Most Memorable: September 2015
It’d been almost two years since I’d moved to Colorado, two years since my father had laid eyes on me. And he’d come all the way from California, but I didn’t know how to spend my time during his three-day visit. I counted each hour we were together, checking my watch often. I’d never been in a bookstore with him, but we walked through the Tattered Cover where I showed him where my novel would be one day, if published. I didn’t tell him much about the writing, how I struggled to render a character like him with compassion and specificity.
“You going to let me read any of it?”
I said, “It’s loosely, loosely, loosely based on our lives.”
He rocked back on his toes, took in all those stories around us. “Good enough.” It still surprised me, how much I wanted his approval.
Afterwards, we went to dinner. Once our steaks and potatoes arrived, he said, “I drove seven hours out of my way tell you this, but I’m not sure where to begin.” He shifted, “Your mother and me, we had our hard times, but we had something good, something sweet for a while. Once I started that job out on the coast—where there were still some big trees left—right after you were born, things slid around. So many daughters.”
I wanted to ask him about his violence toward her. Instead, I took a bite of my steak. I ordered it rare, but it was particularly bloody.
“Seems like the poorer we were, the more close we could be.” He paused. “You know, with your hair long again, you look so much like her, maybe I should’ve stayed.”
His words confounded me, made me feel strange in my own skin. A father shouldn’t want to connect with his wife through his daughter; the orbit’s all wrong.
After the waitress brought ketchup, he said, “She’s a nice looking little bitch.” He turned back. “The reason I come all these hours, is that I want you to know why I left; it’s all the Jehovah Witnesses’ fault.” He pushed back his hair, so dark, in deep contrast to my mother’s blonde hair.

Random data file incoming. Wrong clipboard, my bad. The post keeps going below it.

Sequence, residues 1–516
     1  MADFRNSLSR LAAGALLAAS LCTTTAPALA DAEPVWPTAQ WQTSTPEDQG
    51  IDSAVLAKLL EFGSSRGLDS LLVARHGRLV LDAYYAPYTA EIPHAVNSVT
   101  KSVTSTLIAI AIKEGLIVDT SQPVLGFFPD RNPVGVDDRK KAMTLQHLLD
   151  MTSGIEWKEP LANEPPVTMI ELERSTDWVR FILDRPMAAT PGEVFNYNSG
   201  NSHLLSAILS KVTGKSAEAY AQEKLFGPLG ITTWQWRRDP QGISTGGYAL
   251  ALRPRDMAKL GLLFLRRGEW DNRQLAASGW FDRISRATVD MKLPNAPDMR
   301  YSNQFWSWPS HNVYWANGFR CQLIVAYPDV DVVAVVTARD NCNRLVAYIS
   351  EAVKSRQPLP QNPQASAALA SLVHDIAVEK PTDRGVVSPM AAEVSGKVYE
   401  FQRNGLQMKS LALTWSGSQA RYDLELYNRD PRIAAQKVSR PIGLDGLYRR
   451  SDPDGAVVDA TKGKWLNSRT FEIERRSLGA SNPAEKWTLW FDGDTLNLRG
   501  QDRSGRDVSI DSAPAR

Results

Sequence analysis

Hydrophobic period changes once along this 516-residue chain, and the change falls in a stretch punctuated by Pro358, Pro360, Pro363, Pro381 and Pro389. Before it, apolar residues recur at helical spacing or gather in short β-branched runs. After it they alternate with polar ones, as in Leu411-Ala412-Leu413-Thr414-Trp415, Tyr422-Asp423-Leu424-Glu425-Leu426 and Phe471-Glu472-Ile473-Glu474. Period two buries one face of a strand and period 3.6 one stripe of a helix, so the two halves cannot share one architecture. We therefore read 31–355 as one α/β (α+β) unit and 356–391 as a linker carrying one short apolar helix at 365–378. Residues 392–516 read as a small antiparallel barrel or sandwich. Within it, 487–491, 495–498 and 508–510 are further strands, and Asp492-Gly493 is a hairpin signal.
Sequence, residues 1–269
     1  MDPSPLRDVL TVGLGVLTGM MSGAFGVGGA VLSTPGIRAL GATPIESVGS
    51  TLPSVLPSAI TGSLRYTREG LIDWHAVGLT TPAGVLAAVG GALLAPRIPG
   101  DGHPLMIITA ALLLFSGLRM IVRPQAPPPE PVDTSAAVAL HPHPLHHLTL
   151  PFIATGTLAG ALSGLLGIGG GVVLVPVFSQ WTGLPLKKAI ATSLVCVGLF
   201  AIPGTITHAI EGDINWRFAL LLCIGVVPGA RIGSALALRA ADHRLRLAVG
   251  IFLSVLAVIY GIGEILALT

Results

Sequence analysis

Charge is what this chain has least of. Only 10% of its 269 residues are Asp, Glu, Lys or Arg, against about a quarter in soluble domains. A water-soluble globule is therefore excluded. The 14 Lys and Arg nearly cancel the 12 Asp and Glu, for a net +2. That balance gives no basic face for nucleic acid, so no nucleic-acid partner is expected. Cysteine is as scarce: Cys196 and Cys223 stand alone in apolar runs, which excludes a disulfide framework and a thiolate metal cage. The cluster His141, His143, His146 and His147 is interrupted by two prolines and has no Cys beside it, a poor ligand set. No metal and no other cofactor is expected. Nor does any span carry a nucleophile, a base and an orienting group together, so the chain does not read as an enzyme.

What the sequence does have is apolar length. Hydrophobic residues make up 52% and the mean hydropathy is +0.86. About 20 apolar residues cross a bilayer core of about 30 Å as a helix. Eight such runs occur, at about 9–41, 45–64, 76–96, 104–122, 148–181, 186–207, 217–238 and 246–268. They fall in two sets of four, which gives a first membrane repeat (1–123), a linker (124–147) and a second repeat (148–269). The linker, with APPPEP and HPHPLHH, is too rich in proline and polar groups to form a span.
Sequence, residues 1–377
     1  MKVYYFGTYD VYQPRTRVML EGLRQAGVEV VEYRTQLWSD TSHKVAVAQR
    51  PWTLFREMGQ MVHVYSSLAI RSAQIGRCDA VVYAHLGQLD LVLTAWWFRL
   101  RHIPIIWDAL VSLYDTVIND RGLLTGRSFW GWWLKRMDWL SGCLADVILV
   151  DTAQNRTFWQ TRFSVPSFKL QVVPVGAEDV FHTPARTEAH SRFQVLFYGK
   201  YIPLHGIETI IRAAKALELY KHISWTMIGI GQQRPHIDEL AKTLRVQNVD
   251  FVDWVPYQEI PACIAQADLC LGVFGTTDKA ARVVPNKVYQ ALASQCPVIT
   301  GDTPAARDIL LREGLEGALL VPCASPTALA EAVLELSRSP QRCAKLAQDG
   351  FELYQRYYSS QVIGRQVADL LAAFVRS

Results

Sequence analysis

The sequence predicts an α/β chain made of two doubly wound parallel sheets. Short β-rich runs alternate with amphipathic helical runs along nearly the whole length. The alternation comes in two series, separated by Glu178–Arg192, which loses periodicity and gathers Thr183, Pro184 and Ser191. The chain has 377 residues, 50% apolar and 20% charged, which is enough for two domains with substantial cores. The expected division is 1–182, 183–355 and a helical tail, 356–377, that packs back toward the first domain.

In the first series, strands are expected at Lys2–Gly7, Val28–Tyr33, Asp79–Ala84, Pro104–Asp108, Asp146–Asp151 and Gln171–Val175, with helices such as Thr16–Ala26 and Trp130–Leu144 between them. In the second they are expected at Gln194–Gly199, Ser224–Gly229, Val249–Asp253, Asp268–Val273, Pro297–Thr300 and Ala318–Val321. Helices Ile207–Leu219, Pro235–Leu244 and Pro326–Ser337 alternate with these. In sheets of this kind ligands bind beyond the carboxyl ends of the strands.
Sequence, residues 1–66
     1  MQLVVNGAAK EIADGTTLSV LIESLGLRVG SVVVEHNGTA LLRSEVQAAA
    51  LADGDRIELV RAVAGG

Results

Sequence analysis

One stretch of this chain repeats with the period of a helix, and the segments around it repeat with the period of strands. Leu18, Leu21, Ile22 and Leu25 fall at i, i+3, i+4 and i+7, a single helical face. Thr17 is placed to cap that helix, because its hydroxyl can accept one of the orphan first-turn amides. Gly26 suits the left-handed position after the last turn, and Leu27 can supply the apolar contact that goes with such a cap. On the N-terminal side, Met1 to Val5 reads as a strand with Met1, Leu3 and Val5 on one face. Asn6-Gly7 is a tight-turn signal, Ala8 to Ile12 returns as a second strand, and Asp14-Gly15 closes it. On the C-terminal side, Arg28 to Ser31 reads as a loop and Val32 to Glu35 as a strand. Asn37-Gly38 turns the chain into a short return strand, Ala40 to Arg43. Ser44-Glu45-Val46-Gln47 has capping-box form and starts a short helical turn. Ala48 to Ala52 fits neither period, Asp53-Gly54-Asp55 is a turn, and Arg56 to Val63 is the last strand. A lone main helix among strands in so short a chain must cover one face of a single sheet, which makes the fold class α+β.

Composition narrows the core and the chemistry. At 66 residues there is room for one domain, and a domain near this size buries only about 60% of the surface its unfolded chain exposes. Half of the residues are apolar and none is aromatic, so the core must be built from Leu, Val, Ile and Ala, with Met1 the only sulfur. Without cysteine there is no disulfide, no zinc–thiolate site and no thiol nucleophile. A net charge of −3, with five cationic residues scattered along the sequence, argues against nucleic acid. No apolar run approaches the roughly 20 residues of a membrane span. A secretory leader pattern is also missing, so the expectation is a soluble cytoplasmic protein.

“Here I am, doing one of the most dangerous jobs in the world, falling trees, and she, your mother, that fucking bitch, wouldn’t agree to give me a blood transfusion if I needed one. What kind of horseshit is that?” He adjusted his plate. “And that fucking bitch from the congregation, she comes to the house to tell me how I have to support my wife because she’s supporting Jehovah.” He stabbed his steak.
I had stopped eating, and I asked, “Why do you call all women bitches?”
“Because they are, Charlotte, they are. If any of them have crossed me that makes them an automatic fucking bitch.”
Despite myself, despite all the ways I’d tried to move out of his orbit and shadow, I asked, “So what am I?”
“You? Well, you’re sweet, but you got a little bitch in you, too. Don’t forget that.” He removed the ketchup bottle’s lid, stuck in his steak knife and dragged his findings across the plate edge. “You need to know the second reason I left your mother also has to do with the Witnesses. They don’t believe in blow jobs.” He shook his head, knife still in hand. “That’s no way to live: no joy in the bedroom and no assurance that your own wife wouldn’t let you die.”
“This is why you cut your elk hunting early?”
“I’m just trying to explain. The three reasons I left your mother.”
No wonder I’m always counting things. In my mother’s religion, a finite number of people will make it to heaven. When we used to run away from this man, we’d pause at the bottom of our road and, depending on how ready Mom was to leave, we’d count between twenty to fifty cars, sometimes those only going south, sometimes both directions.
He held up finger. “No blood transfusion.” A second finger. “No blow jobs.” And a third finger. “I almost killed her once. I came to, and my hands were wrapped around her throat. Her face was blue.” He lowered his fingers and formed a fist, studied it. “You said you wrote about me and your mother some.” He dropped his hand.
“Only loosely,” I responded, with a smile, feeling the little bit of bitch in me rising like its own sun.
Story image credit: Flickr Creative Commons/Paul Swansen